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Setting Targets - Do it, but make sure they're SMART

Blog by Ian Luck
November 16, 2022

At CustomerGauge, we preach setting targets for metrics like NPS, response rate, close-loop KPIs, etc. As goal-setting is a very widespread practice across many industries, I thought I’d dive a little into my previous life as a teacher and talk about what the world of education calls “SMART” goals.

So how do you know if the targets you are setting are smart ones? Luckily, that’s where the acronym comes into play.

S = Specific

Let’s say you want your NPS score to be 50. OK, but try to be a little more specific. Is your company-wide target 50? What about division by division? Should all divisions aim for 50, or will the target be higher or lower for certain departments? Will you also have response rate and close-loop KPI targets as well? (you should!)

Be as specific as possible when creating targets to avoid any grey areas – especially when it comes time to determine if you have met them or not!

M = Measurable

This is the easiest of all the SMART parameters when it comes to your NPS program. NPS by nature is measurable. So are response rates and close-loop KPIs. If you are setting targets around any of these metrics, they should by default be measurable. If they’re not, take a step back because something’s probably not right!

A = Achievable

You should avoid setting targets that would be physically impossible to reach, like an NPS of 110. In seriousness, do make sure you set a target that you truly believe can be reached, and that you have the resources to physically achieve. You don’t want your team feeling like they were set up to fail.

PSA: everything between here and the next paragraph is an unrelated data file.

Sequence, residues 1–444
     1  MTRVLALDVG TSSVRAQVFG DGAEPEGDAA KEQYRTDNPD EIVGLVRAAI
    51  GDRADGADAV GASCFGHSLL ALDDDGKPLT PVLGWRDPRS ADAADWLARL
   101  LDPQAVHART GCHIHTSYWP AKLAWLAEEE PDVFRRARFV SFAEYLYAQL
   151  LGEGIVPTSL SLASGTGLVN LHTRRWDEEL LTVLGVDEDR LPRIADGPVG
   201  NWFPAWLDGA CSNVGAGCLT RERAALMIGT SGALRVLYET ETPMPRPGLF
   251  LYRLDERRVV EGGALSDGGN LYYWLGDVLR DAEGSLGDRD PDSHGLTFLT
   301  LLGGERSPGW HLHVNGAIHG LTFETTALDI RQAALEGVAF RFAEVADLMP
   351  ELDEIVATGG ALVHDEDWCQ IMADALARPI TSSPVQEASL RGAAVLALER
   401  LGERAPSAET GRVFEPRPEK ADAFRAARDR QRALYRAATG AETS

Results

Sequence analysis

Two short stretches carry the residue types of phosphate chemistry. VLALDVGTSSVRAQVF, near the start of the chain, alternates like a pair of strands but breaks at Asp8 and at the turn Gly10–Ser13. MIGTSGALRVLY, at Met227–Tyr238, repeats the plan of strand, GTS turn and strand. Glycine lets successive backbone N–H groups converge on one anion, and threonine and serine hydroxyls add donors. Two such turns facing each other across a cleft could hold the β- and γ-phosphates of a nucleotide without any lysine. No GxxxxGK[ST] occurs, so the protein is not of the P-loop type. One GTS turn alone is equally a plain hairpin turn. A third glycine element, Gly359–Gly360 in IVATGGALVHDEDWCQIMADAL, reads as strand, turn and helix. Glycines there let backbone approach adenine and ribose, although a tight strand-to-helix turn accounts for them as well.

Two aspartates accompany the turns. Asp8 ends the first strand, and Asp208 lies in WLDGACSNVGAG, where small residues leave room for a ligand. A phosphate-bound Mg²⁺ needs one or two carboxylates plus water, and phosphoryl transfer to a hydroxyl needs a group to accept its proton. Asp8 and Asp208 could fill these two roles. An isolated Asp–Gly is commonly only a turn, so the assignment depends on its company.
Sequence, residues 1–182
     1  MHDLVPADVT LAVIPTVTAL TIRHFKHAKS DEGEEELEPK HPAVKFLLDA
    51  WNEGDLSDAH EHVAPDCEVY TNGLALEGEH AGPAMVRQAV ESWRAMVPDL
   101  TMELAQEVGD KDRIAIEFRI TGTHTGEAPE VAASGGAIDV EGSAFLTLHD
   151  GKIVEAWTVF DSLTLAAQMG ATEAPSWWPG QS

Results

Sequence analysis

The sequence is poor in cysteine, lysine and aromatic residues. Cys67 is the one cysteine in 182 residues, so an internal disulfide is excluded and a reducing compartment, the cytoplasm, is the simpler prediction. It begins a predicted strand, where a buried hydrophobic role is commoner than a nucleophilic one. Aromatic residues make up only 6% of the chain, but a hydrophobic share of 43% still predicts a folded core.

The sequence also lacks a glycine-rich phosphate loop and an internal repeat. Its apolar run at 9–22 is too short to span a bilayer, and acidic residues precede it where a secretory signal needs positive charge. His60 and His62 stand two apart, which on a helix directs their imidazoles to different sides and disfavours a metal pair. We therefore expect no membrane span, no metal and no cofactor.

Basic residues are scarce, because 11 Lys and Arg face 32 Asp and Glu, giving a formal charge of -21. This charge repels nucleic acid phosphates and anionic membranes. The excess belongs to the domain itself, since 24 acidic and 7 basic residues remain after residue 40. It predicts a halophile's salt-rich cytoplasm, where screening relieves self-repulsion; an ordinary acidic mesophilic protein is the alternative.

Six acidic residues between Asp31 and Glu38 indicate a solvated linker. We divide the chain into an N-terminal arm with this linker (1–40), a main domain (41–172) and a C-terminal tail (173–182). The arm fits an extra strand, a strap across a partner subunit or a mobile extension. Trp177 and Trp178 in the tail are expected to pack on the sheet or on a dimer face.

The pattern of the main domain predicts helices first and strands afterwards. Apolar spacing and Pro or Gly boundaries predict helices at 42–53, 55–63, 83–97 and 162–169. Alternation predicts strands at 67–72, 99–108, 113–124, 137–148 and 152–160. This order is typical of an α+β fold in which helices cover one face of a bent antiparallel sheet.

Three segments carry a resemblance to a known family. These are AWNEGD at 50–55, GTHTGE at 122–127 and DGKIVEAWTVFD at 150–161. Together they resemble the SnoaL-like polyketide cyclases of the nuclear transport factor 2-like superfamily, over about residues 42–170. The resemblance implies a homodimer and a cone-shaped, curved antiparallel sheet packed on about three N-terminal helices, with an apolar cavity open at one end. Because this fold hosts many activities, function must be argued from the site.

Do also make sure you have the resources available to make your targets achievable. If you plan on closing the loop with detractors and firefighting, ensure you have a team with the bandwidth to perform those activities. Otherwise, you may have a hard time improving your NPS score.

R = Realistic

If your NPS score last year was a 12, it would be slightly unrealistic to set a goal of 50 for this year. Even the most impressive NPS score programs typically don’t see more than a 10-15 point increase over the course of a year; anything more than that is an anomaly.

Improving your NPS score by 5 points over a year, or even less, especially if you send a large number of surveys, should still be considered a noteworthy achievement. So be realistic with the targets you set. Remember that NPS scores can only range from -100 to 100, and it is rare to be on the far end of either spectrum. There are a limited amount of scores you can improve to, so don’t be expecting to gain 30+ NPS points in just 1 year!

T = Time-Bound

It may seem obvious, but a target is relatively pointless if it’s not time-bound by a deadline. Otherwise, you’d always be able to say, “Sure, I’ll hit my NPS target of 50…eventually.”

Your targets need to be time-bound, not only to hold yourselves accountable, but also because as mentioned above in “Realistic,” they help determine how high you should set your goal. Do you plan on hitting your target in the next quarter? Within the next 6 months? By the end of the year?

A 30-point NPS gain might be unrealistic as a 1-year target, but for a 3-5 year target, now it makes more sense. Making your targets time-bound is the last step in ensuring that you have set SMART targets for your organization.

In Closing

By setting SMART targets in your organization for NPS, response rates, etc., you are creating the framework for which you can evaluating the success of your program. You are also encouraging the active improvement of your Customer Retention program, which in turn, sets the pathway for driving internal improvement throughout your entire organization. So be the maker of change, and set (and track) those targets!

About the Author

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Ian Luck
Ian has been in the CX market for over a decade evangelizing best-practices and strategies for increasing the ROI of customer programs. He loves a loud guitar, a thick non-fiction book, and a beach day with his family. You can catch him around the north shore of Boston, MA.
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